I had an old girlfriend from Oklahoma visiting for the week. One day while she was with us, Larry (Erin’s dad!) insisted we three visit an up-and-coming local artist’s studio (Michalopolous). He suggested I select an original from the works in the studio, and said it was for our 20th wedding anniversary! I joyously chose what I thought would be a daring, eventually valuable (a semi-nude portrait, when this artist specialized in upward perspective paintings of New Orleans architecture: homes, buildings, etc.) painting. This painting would come to serve as a striking reminder for the next decades of an extremely excruciating, sharp detour in the path of our lives.
I took my friend to the airport early that Sunday morning, bid her farewell, and returned home to find my husband fully showered, shaved, dressed, pale, nervous, and with some papers in hand. He asked me to come and sit in the den, as the kids were still asleep. I followed him with some trepidation into the bleak, desperate hours to come.
He had been feeling ill the past few weeks with some unexplained ailment. He never liked me to “hover” (his word) around when he was sick, so I hadn’t pushed the issue. My fear was that he was about to announce our entry into a world of medical confusion, terror and treatment. I instantly assumed that he was about to tell me he was dying.
The only two parts of the next hour that I recall were his first words, well-rehearsed:
“Into each life, some rain must fall.”
Well, my little shower turned into a hurricane of untold proportions. I do remember somewhere in his “opening statement” (he used to rehearse his opening statements for court, and elicit my critiques in just the same way), the word “gay.” Honestly, it didn’t really register. All that registered was the fact that he wasn’t dying. I cried and cried with relief. I think in hindsight he must have thought I was crying in reaction to his announcement.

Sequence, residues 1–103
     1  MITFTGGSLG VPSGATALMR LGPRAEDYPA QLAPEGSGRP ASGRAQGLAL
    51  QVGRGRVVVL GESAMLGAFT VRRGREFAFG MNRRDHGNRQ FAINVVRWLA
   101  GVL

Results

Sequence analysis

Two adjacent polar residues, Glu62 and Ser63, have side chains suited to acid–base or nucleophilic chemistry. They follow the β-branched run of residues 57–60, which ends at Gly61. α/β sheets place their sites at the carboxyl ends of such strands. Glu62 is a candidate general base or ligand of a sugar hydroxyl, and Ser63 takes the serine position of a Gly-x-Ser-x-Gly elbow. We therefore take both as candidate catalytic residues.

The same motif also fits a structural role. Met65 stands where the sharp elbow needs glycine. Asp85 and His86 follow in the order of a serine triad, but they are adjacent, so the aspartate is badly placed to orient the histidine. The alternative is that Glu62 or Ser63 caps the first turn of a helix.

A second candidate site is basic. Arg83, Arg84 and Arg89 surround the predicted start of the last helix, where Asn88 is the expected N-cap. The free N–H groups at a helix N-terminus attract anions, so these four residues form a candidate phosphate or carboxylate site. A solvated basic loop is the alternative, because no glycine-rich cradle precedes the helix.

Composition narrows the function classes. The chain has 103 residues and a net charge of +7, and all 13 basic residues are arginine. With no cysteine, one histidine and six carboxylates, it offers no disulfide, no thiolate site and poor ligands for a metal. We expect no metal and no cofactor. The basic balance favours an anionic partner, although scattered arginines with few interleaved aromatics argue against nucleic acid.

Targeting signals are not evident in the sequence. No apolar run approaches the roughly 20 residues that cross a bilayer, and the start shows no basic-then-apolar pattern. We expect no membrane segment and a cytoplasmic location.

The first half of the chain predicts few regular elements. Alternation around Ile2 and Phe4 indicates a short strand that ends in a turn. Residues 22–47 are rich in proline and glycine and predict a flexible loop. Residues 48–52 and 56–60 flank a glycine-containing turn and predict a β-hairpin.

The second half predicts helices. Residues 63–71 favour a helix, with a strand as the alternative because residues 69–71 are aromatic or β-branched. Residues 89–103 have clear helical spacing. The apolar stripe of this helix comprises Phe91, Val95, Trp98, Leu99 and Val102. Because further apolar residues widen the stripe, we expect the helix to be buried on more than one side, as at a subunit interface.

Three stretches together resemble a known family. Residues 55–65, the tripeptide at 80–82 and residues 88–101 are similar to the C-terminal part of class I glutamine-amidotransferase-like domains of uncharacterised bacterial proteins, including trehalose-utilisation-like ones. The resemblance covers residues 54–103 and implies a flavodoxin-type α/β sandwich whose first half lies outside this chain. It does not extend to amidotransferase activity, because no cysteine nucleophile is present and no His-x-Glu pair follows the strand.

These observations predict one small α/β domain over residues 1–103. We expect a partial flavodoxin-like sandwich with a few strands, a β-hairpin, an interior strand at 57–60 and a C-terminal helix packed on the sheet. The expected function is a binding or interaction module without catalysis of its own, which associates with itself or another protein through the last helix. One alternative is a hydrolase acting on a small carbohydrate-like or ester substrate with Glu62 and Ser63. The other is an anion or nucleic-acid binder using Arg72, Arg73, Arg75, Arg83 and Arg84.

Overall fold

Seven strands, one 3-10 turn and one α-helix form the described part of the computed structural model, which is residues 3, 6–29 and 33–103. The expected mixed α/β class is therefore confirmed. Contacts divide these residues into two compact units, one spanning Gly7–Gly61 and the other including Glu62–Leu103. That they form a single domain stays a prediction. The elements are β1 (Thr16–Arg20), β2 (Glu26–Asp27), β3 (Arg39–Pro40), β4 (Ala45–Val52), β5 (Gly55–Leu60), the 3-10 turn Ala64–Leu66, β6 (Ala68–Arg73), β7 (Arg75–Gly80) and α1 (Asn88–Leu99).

It wasn’t until hours later that his “announcement” really hit, and HIT it did! I fell apart in our bedroom, alone. We couldn’t tell the kids because he insisted he had to remain in the closet with the exception of our divorce! I also wanted time to digest this stunning news and all of the implications. We told the children I was not feeling well (the absolute truth), and I began the grieving process. Embedded in this decision (not to tell the children at that time) was the fact that Erin had her very first Homecoming Dance coming up in two weeks. We didn’t want that joy, preparation and life-launching experience to be ruined.
We had agreed months before to couple’s counseling. We saw the therapist one time together, only to be instructed that we were more in need of individual work than sessions together. So we saw the therapist individually.Turns out Larry told the therapist he was gay during his very first session! NO ONE ever told me! Apparently they were working on his “coming out,” and I thought I was working on our marriage!
In the ensuing weeks I found my strength and I absolutely INSISTED he come out to the children as soon as Erin’s date had happened, and the earliest possible time for us all.
I based my argument on the fact that the therapist KNEW, his law partner KNEW (and had encouraged him to remain closeted, for the sake of the law practice), I KNEW, and it was only a matter of time before the children would find out. In that scenario, they were likely to find out from someone other than their parents. I could not tolerate that! If honesty was to be the new policy, than the children, above anyone else, deserved that honesty. That brings us to “the day,” shortly after Halloween, 1991, that my children’s lives changed forever.
Now you have it (sort of)! You have each of our experiences, in a few paragraphs, with the exception of dad himself. I guess that may be to come.
Kevin is correct: the Best family keeps on! I haven’t the vocabulary to express my feelings about Erin, Mark and Kevin. Their own life paths took an extremely sharp detour on the day they found out, but with that detour, they have each managed to sharpen their life skills and their wits.“Proud” just doesn’t seem to cover it. I watch their lives unfold, and I am in awe.
To all of you following Erin, thank you for your lovely, thoughtful and encouraging responses to her writing. I agree she has a book in her, but she is doing it her way, and in her time!